Best Chelsea restaurants in NYC
With four-star ambitions and prices to match, the cavernous restaurant has become nothing less than the city’s top destination for refined, upscale Italian cuisine. The clubby dining room, serenaded nightly by a twinkling pianist on a grand piano feels like the lobby of a very opulent grand hotel.
Txikito (pronounced “chi-KEE-toe”), whose name is a Basque term of endearment meaning “little one,” single-mindedly celebrates the small-plate cuisine of the country’s most culturally distinctive—and gastronomically blessed—region. Lounge while you wash down a few pinxtos with some Basque cider.
The Italian-Korean hybrid from David Chang has one of the most eclectic menus in the neighborhood. Start with a light and bright appetizer before jumping into the array of house-made pastas and roasted or grilled meats. If you can't pick just one noodle, opt for the four-course pasta tasting.
It’s calm, comfortable and the kind of place you can settle into and stay a while. The wide granite bar, topped with wee bowls of radishes, draws a mix of art lovers seeking refreshments and diners waiting for a table, but you’re free to order from the American-Mediterranean menu right where you are.
This heralded Israeli pita shop in Chelsea Market is a key player in the renaissance of Middle Eastern cuisine in NYC. The menu is split up between in-a-pita and out-of-the-pita, though you're going to want to get a sampling of both (especially the whole roasted baby cauliflower).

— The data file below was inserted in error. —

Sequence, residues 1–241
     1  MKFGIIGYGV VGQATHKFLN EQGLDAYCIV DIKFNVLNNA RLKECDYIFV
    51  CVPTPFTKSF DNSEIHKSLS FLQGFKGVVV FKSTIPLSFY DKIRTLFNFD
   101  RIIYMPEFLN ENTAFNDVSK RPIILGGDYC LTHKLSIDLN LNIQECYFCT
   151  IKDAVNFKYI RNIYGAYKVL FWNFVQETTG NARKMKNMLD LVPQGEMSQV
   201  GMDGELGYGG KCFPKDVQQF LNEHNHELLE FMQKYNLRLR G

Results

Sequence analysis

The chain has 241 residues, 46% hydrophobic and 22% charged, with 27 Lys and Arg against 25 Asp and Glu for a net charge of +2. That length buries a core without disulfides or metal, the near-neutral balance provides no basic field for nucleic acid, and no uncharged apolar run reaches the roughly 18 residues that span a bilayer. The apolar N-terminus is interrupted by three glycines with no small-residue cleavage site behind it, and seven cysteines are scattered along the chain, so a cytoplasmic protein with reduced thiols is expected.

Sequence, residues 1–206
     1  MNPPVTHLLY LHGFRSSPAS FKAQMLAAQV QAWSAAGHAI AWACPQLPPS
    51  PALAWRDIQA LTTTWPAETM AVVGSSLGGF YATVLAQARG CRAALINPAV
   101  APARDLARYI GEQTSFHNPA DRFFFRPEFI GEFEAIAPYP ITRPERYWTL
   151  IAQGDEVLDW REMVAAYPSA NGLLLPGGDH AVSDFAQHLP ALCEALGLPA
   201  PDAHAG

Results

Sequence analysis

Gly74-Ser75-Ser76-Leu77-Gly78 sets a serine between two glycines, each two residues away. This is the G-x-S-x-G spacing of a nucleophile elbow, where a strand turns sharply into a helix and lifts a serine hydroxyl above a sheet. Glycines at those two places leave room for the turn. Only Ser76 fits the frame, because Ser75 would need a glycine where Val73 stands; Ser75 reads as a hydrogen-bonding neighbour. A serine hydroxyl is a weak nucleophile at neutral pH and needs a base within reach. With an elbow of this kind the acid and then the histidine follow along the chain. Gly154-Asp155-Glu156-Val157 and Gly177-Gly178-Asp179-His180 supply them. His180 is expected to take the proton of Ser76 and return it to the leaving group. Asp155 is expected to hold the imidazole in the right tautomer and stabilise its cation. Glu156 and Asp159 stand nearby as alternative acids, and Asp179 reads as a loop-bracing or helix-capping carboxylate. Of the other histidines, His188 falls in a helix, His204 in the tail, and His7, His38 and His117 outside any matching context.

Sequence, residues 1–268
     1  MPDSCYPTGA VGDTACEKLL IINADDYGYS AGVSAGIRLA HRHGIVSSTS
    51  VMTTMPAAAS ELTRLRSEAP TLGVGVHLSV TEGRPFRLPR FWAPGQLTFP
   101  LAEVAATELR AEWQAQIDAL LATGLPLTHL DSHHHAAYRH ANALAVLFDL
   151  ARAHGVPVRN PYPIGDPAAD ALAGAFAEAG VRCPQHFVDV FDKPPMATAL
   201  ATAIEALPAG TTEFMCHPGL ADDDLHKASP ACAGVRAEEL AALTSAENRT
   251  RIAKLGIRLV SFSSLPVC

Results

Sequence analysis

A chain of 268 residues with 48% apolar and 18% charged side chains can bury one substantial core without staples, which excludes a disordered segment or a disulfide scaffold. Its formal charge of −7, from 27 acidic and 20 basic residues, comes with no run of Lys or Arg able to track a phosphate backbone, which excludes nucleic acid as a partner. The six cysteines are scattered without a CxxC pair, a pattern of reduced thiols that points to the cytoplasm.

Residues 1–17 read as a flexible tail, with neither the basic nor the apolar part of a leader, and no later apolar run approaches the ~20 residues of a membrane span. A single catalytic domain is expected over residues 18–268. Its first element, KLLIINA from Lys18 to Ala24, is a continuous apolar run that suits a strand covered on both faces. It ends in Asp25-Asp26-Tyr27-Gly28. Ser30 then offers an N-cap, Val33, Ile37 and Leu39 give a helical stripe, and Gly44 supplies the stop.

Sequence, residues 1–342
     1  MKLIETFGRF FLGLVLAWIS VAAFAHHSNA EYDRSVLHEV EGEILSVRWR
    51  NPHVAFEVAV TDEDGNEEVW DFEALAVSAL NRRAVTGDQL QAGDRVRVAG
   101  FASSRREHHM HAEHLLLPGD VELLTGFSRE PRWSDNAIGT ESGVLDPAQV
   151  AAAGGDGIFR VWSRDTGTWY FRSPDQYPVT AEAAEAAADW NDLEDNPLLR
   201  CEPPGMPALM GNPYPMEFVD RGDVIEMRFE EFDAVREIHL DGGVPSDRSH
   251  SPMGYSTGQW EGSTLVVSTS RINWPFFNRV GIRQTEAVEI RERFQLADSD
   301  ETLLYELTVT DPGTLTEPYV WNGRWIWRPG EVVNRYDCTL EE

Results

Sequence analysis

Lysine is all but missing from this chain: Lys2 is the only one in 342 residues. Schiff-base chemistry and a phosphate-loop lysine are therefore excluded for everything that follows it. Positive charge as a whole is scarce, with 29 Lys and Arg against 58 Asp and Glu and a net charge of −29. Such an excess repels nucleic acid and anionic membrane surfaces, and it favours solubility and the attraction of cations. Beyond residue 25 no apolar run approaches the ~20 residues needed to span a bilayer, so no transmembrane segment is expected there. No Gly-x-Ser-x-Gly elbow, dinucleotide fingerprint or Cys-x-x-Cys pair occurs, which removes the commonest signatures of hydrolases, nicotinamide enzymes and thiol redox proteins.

Tucked in the back of the seafood section at Chelsea Market, this cozy nook nods to two types of lobsters: a cull lobster, which has only one claw, and a pistol lobster, which has no claws. Diners can tuck into heaping platters of seafood at snug, wooden tables in the narrow-but-warm dining room.
Three California transplants dole out casual Mexican eats like tacos quesadillasto be enjoyed with one of their homemade aguas frescas at this colorful stand in Chelsea Market. Decked out with hand-painted signs, it's a popular choice for casual bites any time of the day.
The bread emporium from acclaimed dough puncher Jim Lahey isn't just for carb lovers. The Italian-accented menu offers paninis, salads and morning egg dishes all with the same attention to detail as every loaf. The best part is you can pick up a baguette for later when you're done eating.
Looking to eat close to the High Line?
Fuel up before you amble along the green space—or fill your belly after a day of exploration